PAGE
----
Balance, Contrast, Focus, Motion, Pattern, Proportion, Rhythm, and Unity are regarded to constitute the Elements of Composition in Western art.

Elements of Composition

In art, the elements of composition are employed to arrange and organise the visual components in a pleasing fashion for the artist and, hopefully, the observer. They aid in the organisation of the painting’s plan and the presentation of the topic. They can also entice or guide the viewer’s eye to travel around the entire artwork, taking in everything before returning to the focal point. Compositional components in Western art are typically thought to be:

  • Unity:Do all of the elements of the composition feel as if they belong together, or is there something that feels clumsy and out of place?
  • Balance: The impression that the painting “feels right” and is not heavier on one side is called balance. A symmetrical design generates a calmer atmosphere, whereas an asymmetrical configuration creates a more dynamic one. An unbalanced picture produces a feeling of discomfort.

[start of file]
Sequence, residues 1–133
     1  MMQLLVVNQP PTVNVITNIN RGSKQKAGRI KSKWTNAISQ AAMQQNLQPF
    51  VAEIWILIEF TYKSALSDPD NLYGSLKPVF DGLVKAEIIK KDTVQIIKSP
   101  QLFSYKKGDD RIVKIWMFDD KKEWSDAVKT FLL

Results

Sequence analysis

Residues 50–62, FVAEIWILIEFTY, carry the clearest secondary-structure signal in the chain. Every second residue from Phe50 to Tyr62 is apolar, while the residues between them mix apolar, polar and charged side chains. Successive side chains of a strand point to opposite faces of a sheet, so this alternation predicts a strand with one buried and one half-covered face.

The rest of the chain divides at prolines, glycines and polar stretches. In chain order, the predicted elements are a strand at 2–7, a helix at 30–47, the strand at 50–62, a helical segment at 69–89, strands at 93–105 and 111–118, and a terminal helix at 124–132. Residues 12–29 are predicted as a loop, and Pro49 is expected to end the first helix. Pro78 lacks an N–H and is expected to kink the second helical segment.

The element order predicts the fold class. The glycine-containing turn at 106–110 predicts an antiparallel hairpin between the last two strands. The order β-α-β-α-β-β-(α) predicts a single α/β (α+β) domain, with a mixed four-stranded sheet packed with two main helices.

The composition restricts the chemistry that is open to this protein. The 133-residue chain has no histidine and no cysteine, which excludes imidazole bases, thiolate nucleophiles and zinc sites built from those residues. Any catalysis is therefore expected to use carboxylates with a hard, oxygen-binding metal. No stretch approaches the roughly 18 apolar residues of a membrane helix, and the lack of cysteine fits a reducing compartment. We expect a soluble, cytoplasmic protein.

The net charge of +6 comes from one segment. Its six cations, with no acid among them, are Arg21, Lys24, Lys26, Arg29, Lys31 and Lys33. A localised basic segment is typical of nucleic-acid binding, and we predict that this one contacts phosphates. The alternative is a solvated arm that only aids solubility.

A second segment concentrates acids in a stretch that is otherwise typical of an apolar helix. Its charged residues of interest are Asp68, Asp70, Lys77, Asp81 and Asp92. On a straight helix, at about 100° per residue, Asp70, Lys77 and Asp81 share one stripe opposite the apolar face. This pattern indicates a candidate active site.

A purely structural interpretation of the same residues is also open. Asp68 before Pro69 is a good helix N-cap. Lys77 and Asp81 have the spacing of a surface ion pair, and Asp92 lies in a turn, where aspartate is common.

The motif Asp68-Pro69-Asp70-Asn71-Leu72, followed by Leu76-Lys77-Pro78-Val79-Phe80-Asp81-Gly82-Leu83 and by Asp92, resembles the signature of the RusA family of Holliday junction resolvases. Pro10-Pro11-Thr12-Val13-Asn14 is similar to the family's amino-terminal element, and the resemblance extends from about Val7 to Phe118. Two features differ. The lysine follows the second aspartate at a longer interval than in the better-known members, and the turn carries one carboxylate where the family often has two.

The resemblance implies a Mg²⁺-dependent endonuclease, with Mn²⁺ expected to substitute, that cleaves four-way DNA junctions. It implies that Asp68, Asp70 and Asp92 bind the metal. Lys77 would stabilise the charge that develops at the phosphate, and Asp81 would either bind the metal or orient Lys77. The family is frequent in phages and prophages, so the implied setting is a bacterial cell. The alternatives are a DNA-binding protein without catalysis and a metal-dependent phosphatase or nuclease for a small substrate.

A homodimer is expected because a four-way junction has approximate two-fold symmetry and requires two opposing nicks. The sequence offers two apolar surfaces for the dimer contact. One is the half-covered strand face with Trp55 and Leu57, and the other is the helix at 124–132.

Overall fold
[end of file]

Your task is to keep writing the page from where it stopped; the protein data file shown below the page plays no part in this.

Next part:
• Movement:The arrangement of items, the location of figures, and the flow of a river are all examples of how to create a sense of movement in a painting. Leading lines (a photography phrase that can be applied to painting) can be used to guide the viewer’s eye into and around the painting. Leading lines can be physical lines, such as fence or railroad lines, or suggested lines, such as a row of trees, a stone curve, or a circle.
  • Rhythm:A piece of art might have a rhythm or underlying beat that directs your eye to observe the artwork at a certain rate, similar to how music does. Look for repetitive colour and huge underlying shapes (squares, triangles, etc.)
  • Focus(or Emphasis): The viewer’s eye eventually wants to rest on the painting’s “most important” thing or focal point; otherwise, the eye feels lost and wandering around in space.
  • Contrast:Paintings with high contrast—for example, considerable contrast between light and dark—have a distinct feel than paintings with limited light and dark contrast, such as those in Whistler’s Nocturne series. Aside from light and dark, contrast can be defined as variations in shape, colour, size, texture, line type, and so on.
  • Pattern:In a composition, a constant repetition of lines, shapes, colours, or values.
  • Proportion: In terms of size and scale, how things fit together and relate to one another, whether large or small, close or far.

The components of composition and the elements of art are not the same thing, but composition is occasionally included under the latter.